Since turning thirty, I've been feeling more and more paranoid about my appearance; weight and general fitness plus early signs of ageing all bother me a lot more than they used to.

I have upped my skincare routine and I am experimenting a lot more with treatments and masks in order to make the very best out of my skin. I have been seriously considering going for my first botox treatment too, which has led me into researching into surgical treatments, something which up until this time last year I would never have thought I would be considering.

The term “micro-needling” or “microneedling” is used to describe a number of cosmetic procedures. All of them involve the use of small needles attached to hand-held devices. However, the specific devices vary quite a bit. Some of those devices are manual. In other words, a person has to use their own power to roll them over a section of skin. Others, are motorized. Here are some things you should know about them before deciding on a specific treatment method.

The Main Types of Micro-Needling Devices
The three main types of micro-needling tools are Dermarollers, Dermapens, and Dermastamps. It can be confusing because the term “Dermaroller” is often used as an umbrella term to describe all of those needle treatments. Nevertheless, there are some differences between them.

If you have ever aesthetic lasers to treat skin problems before, you know that even the slightest differences between the treatments are significant. In the case of Dermaroller versus Dermapens or Dermastamps, the sizes are not the only differences.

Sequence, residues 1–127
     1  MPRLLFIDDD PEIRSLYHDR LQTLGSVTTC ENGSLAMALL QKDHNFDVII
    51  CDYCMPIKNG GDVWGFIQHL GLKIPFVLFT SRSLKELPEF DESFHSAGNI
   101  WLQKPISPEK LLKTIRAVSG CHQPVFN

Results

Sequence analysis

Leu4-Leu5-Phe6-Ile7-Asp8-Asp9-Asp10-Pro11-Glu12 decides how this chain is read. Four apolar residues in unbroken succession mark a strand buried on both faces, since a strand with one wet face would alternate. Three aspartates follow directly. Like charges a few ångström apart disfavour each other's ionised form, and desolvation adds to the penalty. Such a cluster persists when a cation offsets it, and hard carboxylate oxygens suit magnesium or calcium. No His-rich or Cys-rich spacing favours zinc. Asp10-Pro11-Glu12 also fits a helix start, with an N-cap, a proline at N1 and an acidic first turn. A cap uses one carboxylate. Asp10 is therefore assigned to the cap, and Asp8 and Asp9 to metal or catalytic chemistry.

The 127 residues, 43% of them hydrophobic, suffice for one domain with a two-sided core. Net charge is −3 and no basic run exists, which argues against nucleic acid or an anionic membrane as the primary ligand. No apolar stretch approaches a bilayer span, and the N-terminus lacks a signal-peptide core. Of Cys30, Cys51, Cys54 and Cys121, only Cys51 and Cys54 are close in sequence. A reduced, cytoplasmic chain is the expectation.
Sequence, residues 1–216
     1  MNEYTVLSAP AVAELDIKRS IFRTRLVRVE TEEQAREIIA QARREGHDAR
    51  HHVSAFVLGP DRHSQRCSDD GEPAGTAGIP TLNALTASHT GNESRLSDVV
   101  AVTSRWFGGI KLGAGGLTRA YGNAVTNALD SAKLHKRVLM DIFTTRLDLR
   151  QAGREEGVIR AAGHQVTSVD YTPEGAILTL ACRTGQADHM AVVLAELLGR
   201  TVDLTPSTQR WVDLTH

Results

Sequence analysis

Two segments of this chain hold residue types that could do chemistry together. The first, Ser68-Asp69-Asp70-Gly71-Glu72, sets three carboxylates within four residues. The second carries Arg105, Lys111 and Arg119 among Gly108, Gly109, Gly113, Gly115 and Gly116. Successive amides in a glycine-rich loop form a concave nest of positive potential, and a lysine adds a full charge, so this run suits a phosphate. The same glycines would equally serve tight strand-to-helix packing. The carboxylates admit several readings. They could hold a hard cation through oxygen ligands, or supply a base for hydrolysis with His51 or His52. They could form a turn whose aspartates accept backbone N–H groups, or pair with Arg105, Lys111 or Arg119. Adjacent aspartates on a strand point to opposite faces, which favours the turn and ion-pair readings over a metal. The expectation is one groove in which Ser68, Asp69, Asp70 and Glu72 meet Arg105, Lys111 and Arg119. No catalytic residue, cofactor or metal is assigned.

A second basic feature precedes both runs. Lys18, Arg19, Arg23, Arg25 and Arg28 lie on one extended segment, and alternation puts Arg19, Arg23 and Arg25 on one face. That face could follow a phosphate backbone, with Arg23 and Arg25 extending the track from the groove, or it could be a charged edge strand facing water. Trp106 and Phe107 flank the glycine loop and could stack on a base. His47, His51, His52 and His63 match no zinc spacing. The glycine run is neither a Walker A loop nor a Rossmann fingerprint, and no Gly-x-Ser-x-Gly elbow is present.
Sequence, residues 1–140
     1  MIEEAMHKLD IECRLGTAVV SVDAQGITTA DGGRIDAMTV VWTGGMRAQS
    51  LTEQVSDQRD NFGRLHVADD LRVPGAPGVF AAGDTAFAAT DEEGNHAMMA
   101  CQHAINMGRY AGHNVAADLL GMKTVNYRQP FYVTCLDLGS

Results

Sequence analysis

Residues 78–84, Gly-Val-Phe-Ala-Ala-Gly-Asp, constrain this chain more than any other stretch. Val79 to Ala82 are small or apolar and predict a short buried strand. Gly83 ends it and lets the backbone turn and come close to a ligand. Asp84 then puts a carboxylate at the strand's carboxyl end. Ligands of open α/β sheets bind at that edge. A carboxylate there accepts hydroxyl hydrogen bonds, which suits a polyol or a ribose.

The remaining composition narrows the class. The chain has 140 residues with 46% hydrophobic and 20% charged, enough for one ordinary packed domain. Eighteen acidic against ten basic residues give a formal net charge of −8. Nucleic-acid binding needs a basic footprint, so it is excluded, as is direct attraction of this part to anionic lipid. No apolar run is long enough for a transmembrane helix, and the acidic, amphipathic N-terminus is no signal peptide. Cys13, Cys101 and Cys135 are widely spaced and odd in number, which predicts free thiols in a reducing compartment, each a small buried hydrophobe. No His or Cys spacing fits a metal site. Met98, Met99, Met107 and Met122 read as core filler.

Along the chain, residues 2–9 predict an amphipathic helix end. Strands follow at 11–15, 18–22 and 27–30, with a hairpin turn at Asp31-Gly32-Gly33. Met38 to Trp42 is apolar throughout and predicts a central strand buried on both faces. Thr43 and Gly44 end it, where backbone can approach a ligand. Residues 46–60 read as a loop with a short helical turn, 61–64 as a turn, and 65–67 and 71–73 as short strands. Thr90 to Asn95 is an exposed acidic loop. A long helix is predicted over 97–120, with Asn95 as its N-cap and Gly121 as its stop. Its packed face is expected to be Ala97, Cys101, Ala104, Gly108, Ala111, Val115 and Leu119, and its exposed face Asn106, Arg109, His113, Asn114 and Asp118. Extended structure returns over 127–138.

Dermaroller devices are generally designed to be rolled across a section of skin by hand. It's a lot like painting a room with a paint roller. A large area can be covered quickly. A Dermapen, on the other hand, looks much like the type of pen you would write with. It just has micro-needles attached to it. It's more of a spot treatment for problem areas, sort of like the type of paintbrush you would use to take care of edges when you paint a room. A Dermastamp is similar to a Dermapen, but the head of it is bigger, making it most useful for treating medium-sized sections of skin.

What Micro-Needling Can and Can't Do for You
Micro-needling is proven to reduce certain types of scars. It does that by breaking up the excessive buildup of tissue with its tiny needles. There is also the possibility that some types of micro-needling can help with wrinkle reduction and prevention. That's because the tiny bits of damage done by the needles can make your body naturally try to fix and defend its cells. Some studies have also indicated that puncturing the skin like that right before applying prescription creams and lotions can help those medications work better and faster.

All that being said, it is a complete myth that Dermaroller treatments are universally better than other methods of skincare, such as lasers or chemical peels. There is actually something to be said for those other treatments as well. For example, a laser peel or chemical peel can get rid of the top layer of skin entirely. That's sometimes a good treatment for certain skin conditions. But in other circumstances it might not be as good a choice as some form of micro-needling treatment.

Why You Shouldn't Overdo When it Comes to Micro-Needling
One word of caution is that, like many other things, micro-needling should be done in moderation. Having too many sessions in a short time period can do more harm than good. The reason is that your skin cells need time to recover and repair themselves. If your body thinks it is being constantly attacked, that can actually make your skin look worse. So, be sure to keep that in mind when using home micro-needling kits or scheduling appointments at an area clinic.

I am going to continue researching and want to be 100% certain of the treatment I choose to go with (if any) before I commit to anything.
Have you had any botox or micro-needling? I'd love to hear your thoughts!
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